If, for example, the delivery time of a cross trainer (see example above) is a criterion for a positive customer experience, the Return on Experience is calculated based on the revenue and the cost of delivery on the desired date.
ROX = Revenue from the cross trainer (net) – cost of delivery on the desired date /
cost of delivery on the desired date
ROX should ideally be higher than 0 so that CX efforts - in this case, the preferred delivery date - can pay off. However, a ROX of 0 would indicate that CX efforts improved customer satisfaction but did not bring any immediate revenue to the company. At this point, you can compare sales before and after enabling the user to pick the delivery date.
What role does product information play in ROX?
CX initiatives often include dealing with technical data and content - especially in ecommerce. Unlike a traditional retail store where customers can try and test the product in person, ecommerce doesn't have that option. Therefore, the product information you provide can significantly impact the customer experience and your ROX. This is where a Product Information Management (PIM) system comes to the rescue.
A PIM system helps you increase the Return on Experience because...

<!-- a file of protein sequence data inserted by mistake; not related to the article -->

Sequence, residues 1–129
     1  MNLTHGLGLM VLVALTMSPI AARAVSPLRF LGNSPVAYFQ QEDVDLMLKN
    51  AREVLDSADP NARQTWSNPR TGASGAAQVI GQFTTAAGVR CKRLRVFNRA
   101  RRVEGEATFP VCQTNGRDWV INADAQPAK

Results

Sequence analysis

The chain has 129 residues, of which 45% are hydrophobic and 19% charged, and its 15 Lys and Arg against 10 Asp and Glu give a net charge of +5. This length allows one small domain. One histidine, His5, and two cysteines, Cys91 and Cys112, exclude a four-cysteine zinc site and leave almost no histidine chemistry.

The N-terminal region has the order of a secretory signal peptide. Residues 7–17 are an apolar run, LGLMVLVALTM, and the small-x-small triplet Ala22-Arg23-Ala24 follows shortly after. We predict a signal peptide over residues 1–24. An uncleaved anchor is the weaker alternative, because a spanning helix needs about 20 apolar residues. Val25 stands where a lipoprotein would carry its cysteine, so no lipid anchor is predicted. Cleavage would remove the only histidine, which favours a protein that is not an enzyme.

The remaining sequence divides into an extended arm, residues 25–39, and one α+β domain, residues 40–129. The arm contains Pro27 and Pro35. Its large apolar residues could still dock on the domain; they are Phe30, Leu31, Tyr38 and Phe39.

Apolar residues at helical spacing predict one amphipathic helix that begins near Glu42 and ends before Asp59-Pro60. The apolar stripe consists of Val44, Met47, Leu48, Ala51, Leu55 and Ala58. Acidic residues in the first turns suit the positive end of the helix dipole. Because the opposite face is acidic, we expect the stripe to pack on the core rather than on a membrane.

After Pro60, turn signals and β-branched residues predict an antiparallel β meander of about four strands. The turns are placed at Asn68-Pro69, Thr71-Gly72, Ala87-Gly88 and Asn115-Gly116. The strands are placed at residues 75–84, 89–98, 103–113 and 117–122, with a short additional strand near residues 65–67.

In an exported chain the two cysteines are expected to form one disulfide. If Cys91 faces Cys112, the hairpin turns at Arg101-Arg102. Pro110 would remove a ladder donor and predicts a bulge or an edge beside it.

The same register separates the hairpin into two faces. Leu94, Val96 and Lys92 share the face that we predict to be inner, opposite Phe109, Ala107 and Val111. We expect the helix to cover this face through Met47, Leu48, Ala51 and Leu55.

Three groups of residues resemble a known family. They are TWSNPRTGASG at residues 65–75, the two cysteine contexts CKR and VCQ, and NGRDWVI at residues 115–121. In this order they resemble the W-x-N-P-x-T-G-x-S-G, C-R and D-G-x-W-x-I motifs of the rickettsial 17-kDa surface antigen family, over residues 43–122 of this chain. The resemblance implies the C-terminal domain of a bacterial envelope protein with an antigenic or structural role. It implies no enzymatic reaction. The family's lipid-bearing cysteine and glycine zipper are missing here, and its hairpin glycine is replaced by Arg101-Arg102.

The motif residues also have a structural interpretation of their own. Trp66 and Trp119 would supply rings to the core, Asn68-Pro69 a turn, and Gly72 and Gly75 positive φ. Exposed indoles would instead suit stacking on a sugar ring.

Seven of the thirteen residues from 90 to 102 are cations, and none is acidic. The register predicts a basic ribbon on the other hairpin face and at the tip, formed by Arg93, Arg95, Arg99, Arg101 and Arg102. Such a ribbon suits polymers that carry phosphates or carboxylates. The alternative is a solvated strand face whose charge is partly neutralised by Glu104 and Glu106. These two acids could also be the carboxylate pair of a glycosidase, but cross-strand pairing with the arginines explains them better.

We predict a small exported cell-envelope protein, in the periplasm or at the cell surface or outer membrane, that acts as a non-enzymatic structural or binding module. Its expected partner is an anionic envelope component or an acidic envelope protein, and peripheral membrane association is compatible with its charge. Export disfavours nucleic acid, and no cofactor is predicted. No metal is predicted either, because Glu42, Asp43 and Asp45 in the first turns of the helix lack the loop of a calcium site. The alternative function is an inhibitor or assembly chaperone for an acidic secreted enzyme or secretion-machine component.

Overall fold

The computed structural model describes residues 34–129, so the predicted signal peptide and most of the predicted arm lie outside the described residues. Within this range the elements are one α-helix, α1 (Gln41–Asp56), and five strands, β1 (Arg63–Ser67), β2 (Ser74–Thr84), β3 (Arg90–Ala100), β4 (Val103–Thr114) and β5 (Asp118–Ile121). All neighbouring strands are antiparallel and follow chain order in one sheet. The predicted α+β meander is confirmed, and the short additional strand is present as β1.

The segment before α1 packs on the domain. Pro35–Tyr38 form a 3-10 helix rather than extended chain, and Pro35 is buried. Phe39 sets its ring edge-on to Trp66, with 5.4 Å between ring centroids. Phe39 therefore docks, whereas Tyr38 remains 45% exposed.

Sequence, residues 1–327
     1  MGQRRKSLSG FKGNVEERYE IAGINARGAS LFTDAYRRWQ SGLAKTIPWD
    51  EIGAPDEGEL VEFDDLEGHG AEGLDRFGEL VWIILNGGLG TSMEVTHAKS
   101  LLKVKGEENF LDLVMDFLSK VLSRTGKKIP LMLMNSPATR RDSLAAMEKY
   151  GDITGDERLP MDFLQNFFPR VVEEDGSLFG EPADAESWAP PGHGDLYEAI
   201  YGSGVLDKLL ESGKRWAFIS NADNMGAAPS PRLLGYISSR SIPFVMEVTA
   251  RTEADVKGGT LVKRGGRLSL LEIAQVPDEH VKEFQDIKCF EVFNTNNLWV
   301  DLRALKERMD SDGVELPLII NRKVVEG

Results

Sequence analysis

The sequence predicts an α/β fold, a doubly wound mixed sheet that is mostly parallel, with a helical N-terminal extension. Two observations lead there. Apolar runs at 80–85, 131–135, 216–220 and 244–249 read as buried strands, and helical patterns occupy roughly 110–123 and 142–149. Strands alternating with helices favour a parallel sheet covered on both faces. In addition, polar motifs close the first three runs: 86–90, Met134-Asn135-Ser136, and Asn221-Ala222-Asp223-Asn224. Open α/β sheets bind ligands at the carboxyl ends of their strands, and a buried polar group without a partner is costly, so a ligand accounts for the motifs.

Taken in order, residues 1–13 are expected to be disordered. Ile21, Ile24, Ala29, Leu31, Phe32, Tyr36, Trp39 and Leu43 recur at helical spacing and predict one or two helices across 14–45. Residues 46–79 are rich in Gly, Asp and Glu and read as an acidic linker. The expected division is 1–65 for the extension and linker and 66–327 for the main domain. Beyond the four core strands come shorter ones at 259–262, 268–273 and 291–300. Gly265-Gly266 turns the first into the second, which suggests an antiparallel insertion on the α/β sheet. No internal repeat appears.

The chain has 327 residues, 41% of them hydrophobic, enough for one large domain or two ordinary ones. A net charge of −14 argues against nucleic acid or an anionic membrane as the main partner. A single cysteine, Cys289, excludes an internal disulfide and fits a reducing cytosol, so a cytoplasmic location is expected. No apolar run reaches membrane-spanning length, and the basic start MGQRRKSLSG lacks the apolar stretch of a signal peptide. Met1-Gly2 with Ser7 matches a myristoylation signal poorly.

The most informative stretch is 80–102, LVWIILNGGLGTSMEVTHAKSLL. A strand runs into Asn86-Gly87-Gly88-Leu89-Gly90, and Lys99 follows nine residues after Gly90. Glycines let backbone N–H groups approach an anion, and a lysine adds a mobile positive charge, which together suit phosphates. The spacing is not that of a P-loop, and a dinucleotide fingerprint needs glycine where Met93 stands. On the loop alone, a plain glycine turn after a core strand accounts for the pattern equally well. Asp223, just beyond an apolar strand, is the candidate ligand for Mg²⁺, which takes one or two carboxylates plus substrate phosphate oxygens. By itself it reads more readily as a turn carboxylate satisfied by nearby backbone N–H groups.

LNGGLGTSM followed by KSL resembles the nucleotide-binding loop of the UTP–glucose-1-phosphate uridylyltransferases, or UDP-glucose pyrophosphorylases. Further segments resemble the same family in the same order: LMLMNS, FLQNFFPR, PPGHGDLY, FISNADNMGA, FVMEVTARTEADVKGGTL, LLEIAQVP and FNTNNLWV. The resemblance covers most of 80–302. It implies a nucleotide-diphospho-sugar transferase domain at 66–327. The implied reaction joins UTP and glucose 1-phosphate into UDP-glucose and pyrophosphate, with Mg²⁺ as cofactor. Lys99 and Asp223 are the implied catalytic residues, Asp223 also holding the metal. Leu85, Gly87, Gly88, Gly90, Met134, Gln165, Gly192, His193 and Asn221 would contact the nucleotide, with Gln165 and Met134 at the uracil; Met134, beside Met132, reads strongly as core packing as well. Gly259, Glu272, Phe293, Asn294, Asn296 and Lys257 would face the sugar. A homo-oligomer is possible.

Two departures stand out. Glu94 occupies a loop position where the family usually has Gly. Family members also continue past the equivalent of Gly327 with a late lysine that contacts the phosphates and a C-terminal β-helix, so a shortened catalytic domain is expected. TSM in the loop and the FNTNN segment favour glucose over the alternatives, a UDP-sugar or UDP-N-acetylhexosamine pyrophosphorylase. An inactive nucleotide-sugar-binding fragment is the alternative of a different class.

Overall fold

- ... better product data creates more transparency for the customer, reduces the rate of returns and saves costs.
- ... better product data ensures that fewer shopping carts are abandoned. As a result, companies not only secure the sales they would otherwise lose but also boost their business.
- ... providing complete, accurate and personalized product information positively influences the customer experience and ensures more sales.
- ... it stores, organizes and manages information that helps nudge a customer towards a buying decision – including product specifications, retailer and manufacturer information, product availability, warranty, shipping and customer reviews.
- it can store, organize and manage product reviews which improve the customer experience and accelerate purchase decisions.
The Return on Experience – the impact of product information
Product returns entail additional costs for companies; items must be collected, organized and repackaged or put away. These processes involve costs that could be avoided if customers were provided with accurate and complete product information about the purchased item.
The example below illustrates the role that product information plays in achieving an excellent ROX.
Conclusion: Become a ROXstar!
Whether you’re targeting B2B or B2C clients, delivering superior digital customer experiences is the key to customer success, retention and business growth. Return on Experience (ROX) may seem an insufficient metric to quantify business success. But if you consider the advantages of investing in customer satisfaction, you can quickly conclude the following: CX and retention go together. After all, happy customers stick around, and positive interactions develop loyalty — and loyalty can hardly be quantified in monetary terms!